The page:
Ethylene-Biosynthesis,Transport,Mechanism of action

Ethylene (H2C = CH2)—a gas that is formed in plant organs, being an inhibiting hormone and an auxin antagonist. It was found in plants and fungi and does not occur in bacteria, algae, and animals. It is considered the maturation and aging hormone since it stimulates apoptosis.

At low concentrations (0.04–1.0 μl) it shows strong morphogenetic effects. It was described in 1901 by Neliubov, which demonstrated the role of ethylene in inhibiting stem elongation, thickening and hori-
zontal orientation. In the 20s of the XXth century, it was found that ethylene accelerates fruit ripening.


Ethylene in higher plants is synthesized in the presence of light, from methionine, with 1 amino cyclo-propane-1-carbonate (ACC) as a precursor, which can serve as a transportation form.


Ethylene diffuses freely through the intercellular spaces.

Mechanism of action

Ethylene action on biological processes is very fast, which leads to the idea that like other phytohormones, ethylene has a signaling role.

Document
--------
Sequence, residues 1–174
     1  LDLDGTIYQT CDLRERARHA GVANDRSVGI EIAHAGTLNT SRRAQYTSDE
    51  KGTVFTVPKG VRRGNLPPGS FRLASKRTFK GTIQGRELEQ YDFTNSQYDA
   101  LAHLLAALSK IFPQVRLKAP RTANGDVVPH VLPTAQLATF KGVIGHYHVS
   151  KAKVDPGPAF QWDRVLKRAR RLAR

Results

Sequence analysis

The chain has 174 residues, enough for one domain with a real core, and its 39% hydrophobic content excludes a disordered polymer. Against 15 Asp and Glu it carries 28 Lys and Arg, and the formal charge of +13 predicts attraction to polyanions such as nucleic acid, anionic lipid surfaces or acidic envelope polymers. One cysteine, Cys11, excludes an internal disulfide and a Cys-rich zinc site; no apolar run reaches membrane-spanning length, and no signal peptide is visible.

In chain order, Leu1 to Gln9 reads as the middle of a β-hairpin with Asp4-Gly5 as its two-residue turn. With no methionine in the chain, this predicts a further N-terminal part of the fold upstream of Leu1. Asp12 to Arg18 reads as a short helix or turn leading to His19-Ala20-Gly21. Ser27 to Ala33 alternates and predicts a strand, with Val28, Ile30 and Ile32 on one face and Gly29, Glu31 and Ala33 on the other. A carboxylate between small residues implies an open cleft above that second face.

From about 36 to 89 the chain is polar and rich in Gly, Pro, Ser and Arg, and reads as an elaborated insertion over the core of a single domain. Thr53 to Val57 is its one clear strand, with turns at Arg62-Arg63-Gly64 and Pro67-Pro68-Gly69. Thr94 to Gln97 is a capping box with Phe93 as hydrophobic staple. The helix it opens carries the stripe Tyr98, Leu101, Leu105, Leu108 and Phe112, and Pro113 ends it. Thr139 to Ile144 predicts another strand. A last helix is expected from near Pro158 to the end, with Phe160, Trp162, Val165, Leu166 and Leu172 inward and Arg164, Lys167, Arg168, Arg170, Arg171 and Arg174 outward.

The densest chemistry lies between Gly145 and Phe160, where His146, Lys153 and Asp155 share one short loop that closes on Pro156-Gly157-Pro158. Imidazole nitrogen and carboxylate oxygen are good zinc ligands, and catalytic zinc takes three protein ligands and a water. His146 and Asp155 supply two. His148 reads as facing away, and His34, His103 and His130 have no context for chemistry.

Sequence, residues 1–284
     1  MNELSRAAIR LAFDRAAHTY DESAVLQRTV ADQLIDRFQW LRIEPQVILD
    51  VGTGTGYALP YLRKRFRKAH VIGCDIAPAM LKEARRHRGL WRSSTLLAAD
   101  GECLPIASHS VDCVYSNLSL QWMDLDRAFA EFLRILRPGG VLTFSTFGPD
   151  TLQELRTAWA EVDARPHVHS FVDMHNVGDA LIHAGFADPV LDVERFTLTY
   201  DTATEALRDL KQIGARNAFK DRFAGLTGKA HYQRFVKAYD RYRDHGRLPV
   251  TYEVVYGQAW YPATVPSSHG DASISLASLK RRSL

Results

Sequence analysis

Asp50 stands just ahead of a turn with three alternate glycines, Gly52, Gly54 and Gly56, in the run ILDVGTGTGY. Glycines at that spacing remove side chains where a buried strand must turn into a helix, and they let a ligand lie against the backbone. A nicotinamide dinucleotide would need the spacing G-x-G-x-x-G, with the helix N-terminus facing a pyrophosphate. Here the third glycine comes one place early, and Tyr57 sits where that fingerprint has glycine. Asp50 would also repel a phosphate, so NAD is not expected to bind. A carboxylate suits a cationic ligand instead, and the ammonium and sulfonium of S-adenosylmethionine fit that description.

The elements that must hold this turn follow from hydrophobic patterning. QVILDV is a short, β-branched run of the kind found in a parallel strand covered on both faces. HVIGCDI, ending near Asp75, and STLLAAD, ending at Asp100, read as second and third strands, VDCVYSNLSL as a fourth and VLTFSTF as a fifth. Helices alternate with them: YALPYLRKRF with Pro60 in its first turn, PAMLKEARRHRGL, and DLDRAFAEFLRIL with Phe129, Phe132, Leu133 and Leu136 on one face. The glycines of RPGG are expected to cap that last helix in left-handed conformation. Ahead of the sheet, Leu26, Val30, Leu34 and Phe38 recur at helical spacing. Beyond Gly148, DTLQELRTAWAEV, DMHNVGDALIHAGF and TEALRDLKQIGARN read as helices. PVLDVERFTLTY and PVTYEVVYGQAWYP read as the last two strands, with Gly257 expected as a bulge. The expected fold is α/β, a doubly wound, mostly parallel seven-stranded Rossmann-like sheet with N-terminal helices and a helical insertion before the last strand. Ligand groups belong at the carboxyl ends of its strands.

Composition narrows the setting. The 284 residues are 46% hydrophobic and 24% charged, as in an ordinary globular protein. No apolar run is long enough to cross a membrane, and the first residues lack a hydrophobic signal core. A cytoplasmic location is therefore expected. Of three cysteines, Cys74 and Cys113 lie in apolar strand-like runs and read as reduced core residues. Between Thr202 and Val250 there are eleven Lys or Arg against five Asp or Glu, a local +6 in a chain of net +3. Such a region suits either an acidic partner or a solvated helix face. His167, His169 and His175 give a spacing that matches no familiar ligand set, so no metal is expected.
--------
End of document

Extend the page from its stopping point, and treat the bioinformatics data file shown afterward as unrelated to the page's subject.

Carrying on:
Biological significance

• causes epinasties;
• delays growth and development;
• stimulates organ aging;
• accelerates fruit ripening and their detachment (Fig. 7.28);
• contributes to flower, bud, and leaf detachment;
• blocks the growth of leaves, plant elongation, and mitosis;
• slows down polar auxin transport and removes apical dominance;
• switches the direction of growth from the longitudinal one to the transversal one, contributing to the thickening of the stems

• increases membrane permeability, stimulating respiratory contact between enzymes and substrates;
• these effects are removed when the concentration of CO2 increases.

Practical applications

It is used to preserve fruits during winter. Other natural inhibitors such as the β inhibitor, phlorizin, coumarin, cinnamic acid, scopoletin, etc., are poorly studied.

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